Studying abroad, or not


Life-altering: Jeslyn (second from left) at the scholarship award ceremony in 2018 which granted her the opportunity to study in Singapore. With her is another scholar Goh Zi Jia (third from right), together with their family members and teachers.

 THE importance of education must never be underestimated. It is integral to shaping one’s future.

Many students dream of studying abroad as they work towards obtaining the best education especially at the tertiary level.

Fortunately for me, I won a scholarship three years ago which enabled me to receive my education in Singapore, beginning in Secondary Three.

Having experienced what it’s like to study abroad and met many others who have the opportunity of doing so, I am all for encouraging students to pursue the same route if they were given the chance.

The benefits are manifold but I am fully aware of the challenges involved.

For Malaysian students, the high foreign exchange rates can put a damper on such ambitions.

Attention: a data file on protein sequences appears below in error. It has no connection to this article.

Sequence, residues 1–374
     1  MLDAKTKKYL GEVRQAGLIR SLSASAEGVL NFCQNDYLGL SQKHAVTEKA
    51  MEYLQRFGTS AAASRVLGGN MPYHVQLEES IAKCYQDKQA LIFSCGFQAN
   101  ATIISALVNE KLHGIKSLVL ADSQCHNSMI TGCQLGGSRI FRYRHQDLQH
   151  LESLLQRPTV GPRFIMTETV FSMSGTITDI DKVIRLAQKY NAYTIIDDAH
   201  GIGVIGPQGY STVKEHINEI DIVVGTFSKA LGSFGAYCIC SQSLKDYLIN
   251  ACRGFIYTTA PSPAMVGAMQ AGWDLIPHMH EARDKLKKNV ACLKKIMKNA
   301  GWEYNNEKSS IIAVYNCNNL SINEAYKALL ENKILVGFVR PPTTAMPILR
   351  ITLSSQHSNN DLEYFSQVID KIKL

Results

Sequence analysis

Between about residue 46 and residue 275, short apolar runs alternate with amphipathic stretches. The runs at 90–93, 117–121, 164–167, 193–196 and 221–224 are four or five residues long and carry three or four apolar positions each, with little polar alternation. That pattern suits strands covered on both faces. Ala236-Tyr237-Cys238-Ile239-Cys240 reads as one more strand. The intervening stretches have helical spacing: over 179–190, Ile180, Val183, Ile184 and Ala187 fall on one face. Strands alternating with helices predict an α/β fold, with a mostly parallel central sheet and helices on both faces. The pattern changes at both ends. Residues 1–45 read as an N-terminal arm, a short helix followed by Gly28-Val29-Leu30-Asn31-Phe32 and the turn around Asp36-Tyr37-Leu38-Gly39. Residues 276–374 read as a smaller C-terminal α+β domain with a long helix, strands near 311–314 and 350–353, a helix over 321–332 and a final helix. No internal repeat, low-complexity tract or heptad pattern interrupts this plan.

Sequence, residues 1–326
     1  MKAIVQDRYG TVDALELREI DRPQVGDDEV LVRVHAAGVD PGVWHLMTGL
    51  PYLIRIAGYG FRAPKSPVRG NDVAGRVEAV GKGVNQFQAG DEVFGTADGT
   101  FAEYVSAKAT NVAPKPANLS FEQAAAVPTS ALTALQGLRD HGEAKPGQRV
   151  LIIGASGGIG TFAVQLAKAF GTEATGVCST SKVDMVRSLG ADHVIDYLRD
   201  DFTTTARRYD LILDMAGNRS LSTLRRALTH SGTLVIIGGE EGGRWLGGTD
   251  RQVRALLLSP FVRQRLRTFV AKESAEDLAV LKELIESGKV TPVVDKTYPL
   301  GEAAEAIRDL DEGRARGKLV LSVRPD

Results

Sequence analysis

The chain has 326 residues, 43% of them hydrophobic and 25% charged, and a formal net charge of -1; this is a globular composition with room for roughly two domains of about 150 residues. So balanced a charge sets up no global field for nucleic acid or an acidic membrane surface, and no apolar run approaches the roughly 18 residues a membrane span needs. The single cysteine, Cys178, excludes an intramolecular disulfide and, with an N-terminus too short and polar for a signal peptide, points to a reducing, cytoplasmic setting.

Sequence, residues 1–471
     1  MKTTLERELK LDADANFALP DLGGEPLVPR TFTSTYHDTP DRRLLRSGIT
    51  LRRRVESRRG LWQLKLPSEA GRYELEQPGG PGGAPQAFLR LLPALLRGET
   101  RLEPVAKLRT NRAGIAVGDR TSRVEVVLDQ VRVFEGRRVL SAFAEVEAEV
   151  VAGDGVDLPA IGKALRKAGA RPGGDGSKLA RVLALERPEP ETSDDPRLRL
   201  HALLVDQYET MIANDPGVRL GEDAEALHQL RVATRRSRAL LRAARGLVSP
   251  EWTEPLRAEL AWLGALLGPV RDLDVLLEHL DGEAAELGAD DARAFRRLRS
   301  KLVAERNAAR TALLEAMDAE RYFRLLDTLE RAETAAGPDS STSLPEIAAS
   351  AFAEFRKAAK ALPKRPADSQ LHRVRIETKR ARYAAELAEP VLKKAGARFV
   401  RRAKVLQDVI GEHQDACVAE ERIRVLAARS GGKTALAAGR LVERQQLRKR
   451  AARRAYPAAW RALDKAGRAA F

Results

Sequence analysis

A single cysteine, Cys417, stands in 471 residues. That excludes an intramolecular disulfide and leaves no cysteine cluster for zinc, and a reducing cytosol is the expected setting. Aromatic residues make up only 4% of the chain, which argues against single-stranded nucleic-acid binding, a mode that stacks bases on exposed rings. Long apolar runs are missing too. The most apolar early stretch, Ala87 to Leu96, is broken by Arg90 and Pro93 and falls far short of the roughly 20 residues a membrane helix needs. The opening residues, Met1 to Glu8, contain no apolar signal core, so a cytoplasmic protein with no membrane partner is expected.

Depending on one’s country of choice, tuition fees at universities can range from manageable to “unworldly expensive”.

For instance, the total living cost and tuition fees at private universities per year in Malaysia range from RM30,000 to RM55,000 while in the United Kingdom, these could cost up to RM95,000.

These high expenses mean that any emergencies can put a lot of stress on one’s finances and studies.

In order to alleviate this stress factor, students can choose to work part-time while studying.

Some universities offer jobs for students with decent pay, thus helping them to get by financially.

The ideal situation, however, would be to earn a scholarship that covers most of the fees involved.

Students can then wholeheartedly devote their time and attention to their studies.